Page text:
There are few things more profoundly annoying than a squeaky mattress. Not only is the sound shrill and irritating, but the source of the squeak is often maddeningly elusive. While the sound often seems to be coming from the mattress, only sometimes is this the part of the bed that's the source of the problem–it could also be the frame or the box spring. To isolate the noise, place the mattress on your floor, lie on it and see if you continue to hear the noise. If you don't, it's not the mattress.
Broken or Defective Spring
Mattresses often have one stubborn spring that, through poor design, gradual wear-and-tear or improper use, may have broken or developed an aberration. Isolating this spring is difficult without ruining the mattress. If the mattress is still under warranty, have it taken in and professionally repaired. If it is no longer covered, consider making a small incision in the fabric over the problematic spring and attempting some minor surgery such as bending the spring to remove the squeak.
Springs Need Lubricating
Sometimes the springs of a mattress, particularly those of a cheaper design, will not need repair or replacement, just some minor lubrication to help them bounce a bit smoother. Again, isolating this spring and repairing it may be difficult.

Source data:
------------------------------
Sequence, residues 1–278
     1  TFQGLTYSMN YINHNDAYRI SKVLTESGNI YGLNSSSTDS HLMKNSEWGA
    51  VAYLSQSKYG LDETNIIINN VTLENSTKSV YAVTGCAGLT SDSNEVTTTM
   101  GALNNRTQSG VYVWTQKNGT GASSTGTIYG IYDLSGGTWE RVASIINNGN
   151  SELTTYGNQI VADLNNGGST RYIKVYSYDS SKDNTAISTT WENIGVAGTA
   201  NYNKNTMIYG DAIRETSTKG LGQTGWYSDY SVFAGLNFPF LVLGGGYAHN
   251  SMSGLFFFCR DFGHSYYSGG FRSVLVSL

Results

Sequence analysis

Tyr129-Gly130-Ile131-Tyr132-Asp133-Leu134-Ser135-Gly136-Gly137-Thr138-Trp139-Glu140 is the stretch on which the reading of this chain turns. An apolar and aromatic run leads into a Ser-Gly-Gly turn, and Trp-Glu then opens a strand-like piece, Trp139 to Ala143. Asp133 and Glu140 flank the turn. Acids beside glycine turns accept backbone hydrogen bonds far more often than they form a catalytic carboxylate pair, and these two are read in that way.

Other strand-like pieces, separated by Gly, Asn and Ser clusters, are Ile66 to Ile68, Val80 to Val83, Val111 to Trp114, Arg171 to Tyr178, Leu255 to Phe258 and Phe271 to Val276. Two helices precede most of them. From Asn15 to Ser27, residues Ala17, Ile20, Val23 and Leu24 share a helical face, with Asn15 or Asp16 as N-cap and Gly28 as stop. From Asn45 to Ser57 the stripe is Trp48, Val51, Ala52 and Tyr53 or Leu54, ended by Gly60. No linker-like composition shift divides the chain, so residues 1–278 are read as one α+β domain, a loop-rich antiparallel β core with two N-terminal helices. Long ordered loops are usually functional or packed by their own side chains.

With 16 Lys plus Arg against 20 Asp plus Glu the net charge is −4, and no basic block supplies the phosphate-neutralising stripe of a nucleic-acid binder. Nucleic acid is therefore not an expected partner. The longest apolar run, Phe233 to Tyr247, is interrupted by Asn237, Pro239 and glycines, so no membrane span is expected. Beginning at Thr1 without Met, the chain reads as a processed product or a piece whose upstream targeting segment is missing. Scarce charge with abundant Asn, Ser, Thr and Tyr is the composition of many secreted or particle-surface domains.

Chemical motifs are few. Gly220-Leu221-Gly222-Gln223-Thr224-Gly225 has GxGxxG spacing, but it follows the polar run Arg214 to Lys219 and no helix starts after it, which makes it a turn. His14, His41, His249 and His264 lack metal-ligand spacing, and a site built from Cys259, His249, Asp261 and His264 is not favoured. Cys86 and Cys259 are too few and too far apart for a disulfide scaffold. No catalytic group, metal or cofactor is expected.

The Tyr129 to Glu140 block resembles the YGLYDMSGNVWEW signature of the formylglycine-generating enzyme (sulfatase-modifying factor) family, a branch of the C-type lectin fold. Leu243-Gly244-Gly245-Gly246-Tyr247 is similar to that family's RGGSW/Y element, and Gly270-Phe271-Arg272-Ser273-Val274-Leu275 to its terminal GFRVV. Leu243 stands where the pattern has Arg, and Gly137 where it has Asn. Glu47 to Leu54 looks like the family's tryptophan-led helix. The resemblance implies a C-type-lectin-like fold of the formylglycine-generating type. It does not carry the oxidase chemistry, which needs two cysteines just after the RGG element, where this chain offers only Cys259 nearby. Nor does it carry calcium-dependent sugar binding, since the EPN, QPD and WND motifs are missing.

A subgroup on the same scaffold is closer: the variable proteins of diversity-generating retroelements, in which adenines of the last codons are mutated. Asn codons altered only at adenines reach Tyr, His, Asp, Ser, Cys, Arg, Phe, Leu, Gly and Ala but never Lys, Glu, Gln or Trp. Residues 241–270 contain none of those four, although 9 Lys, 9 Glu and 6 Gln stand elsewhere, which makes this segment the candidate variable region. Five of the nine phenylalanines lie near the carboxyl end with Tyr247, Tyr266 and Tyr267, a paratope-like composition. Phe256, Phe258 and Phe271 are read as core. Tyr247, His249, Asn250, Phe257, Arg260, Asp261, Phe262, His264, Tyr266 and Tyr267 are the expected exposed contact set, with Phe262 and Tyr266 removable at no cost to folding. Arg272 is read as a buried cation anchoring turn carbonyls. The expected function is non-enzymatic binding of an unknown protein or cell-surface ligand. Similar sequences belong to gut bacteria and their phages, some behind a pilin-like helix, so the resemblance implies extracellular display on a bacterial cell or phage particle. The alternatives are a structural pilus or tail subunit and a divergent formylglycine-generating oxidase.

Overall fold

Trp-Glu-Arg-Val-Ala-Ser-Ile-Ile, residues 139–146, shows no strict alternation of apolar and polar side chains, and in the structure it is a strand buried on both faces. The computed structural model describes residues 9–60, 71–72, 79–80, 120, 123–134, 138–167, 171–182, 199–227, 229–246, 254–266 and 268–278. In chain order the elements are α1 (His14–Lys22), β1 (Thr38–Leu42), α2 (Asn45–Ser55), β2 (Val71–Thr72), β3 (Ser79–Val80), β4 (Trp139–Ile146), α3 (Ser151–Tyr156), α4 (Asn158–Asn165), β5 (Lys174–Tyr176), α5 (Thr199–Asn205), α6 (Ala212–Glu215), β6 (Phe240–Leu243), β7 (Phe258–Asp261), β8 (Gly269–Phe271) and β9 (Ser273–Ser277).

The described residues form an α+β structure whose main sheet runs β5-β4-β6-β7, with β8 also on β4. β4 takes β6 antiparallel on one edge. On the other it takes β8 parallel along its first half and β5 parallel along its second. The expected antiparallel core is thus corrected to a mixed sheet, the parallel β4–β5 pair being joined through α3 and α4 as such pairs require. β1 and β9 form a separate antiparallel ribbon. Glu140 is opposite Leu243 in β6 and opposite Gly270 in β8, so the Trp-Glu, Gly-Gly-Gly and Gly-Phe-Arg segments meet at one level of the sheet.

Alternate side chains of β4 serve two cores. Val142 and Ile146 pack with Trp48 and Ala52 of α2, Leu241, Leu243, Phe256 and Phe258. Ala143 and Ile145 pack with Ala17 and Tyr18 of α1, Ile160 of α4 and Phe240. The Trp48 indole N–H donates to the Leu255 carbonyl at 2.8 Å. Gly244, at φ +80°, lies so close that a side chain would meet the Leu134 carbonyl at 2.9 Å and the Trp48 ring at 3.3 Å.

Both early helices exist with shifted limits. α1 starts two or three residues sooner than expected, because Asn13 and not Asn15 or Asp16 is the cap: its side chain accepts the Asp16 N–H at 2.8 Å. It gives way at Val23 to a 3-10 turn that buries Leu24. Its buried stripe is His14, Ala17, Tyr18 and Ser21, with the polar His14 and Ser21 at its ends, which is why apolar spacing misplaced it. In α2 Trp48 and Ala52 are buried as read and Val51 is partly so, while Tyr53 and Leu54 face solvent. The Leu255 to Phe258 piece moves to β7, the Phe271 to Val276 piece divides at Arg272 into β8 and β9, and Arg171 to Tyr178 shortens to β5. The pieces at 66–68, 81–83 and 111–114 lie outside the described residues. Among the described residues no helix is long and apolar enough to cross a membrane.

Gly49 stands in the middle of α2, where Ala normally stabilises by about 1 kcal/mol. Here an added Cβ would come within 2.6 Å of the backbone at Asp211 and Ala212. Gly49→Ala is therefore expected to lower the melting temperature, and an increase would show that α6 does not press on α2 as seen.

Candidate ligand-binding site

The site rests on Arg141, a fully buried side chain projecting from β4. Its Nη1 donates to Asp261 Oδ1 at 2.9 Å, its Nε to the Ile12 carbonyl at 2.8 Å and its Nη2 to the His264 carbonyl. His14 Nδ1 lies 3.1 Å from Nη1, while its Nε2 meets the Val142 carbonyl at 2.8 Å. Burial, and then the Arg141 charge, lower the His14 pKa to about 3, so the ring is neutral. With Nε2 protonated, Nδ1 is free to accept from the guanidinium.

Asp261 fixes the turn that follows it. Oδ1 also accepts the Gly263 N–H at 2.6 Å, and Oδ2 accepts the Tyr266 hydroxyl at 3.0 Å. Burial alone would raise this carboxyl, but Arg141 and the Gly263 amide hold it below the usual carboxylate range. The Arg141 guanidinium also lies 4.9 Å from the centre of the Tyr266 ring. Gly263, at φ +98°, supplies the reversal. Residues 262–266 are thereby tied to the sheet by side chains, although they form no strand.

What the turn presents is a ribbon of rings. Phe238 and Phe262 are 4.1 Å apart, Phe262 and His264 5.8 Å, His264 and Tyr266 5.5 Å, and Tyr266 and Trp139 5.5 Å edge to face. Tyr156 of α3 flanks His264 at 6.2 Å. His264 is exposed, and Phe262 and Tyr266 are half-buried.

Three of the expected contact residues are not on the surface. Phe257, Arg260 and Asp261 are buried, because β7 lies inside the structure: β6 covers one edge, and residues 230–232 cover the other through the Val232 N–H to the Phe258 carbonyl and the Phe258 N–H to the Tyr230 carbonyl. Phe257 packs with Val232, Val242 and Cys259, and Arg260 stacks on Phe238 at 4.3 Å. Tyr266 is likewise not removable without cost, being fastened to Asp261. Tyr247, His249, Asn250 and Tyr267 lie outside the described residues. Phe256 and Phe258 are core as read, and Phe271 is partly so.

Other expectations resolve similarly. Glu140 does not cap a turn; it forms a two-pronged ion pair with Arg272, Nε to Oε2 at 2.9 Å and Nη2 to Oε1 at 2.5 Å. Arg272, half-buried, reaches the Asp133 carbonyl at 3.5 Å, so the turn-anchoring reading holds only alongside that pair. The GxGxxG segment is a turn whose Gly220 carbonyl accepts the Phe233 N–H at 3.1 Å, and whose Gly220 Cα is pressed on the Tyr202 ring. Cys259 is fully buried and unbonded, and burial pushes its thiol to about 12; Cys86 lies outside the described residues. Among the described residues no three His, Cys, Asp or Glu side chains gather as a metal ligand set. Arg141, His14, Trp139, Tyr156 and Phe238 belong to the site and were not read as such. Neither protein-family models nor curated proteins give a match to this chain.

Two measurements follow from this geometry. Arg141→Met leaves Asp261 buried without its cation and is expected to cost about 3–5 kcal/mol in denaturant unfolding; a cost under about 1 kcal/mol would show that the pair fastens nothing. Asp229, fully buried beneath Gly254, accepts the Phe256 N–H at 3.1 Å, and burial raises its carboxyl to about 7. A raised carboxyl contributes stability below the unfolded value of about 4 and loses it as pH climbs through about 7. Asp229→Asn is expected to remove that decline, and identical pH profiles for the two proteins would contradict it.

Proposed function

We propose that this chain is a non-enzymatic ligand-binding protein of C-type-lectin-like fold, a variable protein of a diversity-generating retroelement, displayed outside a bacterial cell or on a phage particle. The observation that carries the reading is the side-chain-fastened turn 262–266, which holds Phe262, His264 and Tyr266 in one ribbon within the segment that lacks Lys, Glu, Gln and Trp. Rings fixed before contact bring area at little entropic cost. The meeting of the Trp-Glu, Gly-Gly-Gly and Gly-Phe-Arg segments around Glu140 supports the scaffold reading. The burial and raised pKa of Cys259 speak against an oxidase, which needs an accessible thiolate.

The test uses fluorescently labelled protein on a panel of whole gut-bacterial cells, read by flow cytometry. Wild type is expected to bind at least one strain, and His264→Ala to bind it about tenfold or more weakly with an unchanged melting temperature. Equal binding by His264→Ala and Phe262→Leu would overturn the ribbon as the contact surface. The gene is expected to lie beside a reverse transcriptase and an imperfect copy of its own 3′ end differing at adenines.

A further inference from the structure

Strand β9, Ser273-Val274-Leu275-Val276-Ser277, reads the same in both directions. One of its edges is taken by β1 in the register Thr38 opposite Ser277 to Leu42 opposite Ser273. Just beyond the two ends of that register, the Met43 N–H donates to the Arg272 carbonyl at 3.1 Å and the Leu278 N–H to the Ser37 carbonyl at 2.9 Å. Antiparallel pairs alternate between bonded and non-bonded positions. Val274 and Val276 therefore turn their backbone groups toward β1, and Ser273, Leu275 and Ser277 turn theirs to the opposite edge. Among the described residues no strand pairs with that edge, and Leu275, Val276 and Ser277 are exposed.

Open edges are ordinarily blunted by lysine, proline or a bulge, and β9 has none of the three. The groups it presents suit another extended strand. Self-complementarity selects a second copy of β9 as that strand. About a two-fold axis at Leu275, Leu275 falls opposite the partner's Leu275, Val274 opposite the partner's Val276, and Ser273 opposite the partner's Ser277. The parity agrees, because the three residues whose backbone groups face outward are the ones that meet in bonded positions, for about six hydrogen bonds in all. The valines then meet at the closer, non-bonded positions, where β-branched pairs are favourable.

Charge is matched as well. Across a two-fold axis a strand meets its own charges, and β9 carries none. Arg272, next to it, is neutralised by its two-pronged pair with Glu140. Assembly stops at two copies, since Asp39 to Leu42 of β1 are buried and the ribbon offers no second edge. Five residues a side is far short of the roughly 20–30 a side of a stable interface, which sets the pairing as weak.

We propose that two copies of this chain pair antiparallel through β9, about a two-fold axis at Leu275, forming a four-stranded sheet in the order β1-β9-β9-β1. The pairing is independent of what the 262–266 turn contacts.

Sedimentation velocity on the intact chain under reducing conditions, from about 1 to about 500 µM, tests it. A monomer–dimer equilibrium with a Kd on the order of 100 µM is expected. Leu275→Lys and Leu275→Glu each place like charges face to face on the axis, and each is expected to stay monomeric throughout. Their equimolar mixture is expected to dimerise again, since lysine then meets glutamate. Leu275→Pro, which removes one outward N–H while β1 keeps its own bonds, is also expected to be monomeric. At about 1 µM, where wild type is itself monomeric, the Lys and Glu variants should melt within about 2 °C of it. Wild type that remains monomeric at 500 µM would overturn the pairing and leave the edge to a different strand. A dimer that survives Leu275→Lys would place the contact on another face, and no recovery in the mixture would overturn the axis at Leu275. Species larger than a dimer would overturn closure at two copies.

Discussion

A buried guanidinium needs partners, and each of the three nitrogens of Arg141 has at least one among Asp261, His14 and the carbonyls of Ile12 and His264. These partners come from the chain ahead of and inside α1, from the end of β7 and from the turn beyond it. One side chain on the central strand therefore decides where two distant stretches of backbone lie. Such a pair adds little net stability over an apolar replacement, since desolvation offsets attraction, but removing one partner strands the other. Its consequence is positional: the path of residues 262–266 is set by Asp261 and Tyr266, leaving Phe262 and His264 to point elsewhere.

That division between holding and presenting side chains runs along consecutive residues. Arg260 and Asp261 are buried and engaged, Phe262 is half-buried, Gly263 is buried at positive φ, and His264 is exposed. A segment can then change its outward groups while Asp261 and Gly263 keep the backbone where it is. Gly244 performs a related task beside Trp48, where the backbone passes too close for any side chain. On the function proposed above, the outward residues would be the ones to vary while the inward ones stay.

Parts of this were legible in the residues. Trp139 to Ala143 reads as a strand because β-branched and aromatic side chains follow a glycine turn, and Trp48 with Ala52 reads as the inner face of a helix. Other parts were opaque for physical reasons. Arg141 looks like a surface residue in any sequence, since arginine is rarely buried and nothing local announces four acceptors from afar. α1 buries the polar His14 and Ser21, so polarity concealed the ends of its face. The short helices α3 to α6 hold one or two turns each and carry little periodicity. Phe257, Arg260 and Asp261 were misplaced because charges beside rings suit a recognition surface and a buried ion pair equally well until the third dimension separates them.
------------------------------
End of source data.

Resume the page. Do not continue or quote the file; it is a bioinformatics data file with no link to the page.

Mattress is Off-Center
Squeaks can sometimes be caused by a mattress laying off-center, causing the springs or other components to move at an awkward angle. If the mattress has been positioned on the box spring or slats in such a way that it is not lying parallel to the floor, shift it so that it lays flat.
Legs Are Unbalanced
Alternately, the mattress may be positioned fine, but the legs of the frame are positioned so that the mattress is angled. Balance the legs so that they are all of the same height. Or, if the floor is crooked, adjust them so that the mattress is flat.
Slats Need Insulating
Sometimes a bed with flats will develop friction between the slats and the mattress or the slats and the frame. This can be remedied by insulating the slats with a piece of cloth or other soft covering that can absorb the sound.
Frame Needs Tightening
Often the fittings on a frame, especially an older one, will come loose and have to be retightened. Examine the frame for missing components and retighten the screws and fittings. This should help prevent different components of the frame from moving against each other, generating the squeak.
Frame Needs Oiling
Sometimes the frame will be perfectly tight, but its fittings will require oiling. If it's a metal frame, apply some oil to the rivets. If it's a wood frame, try paste wax.
Michael Wolfe has been writing and editing since 2005, with a background including both business and creative writing. He has worked as a reporter for a community newspaper in New York City and a federal policy newsletter in Washington, D.C. Wolfe holds a B.A. in art history and is a resident of Brooklyn, N.Y.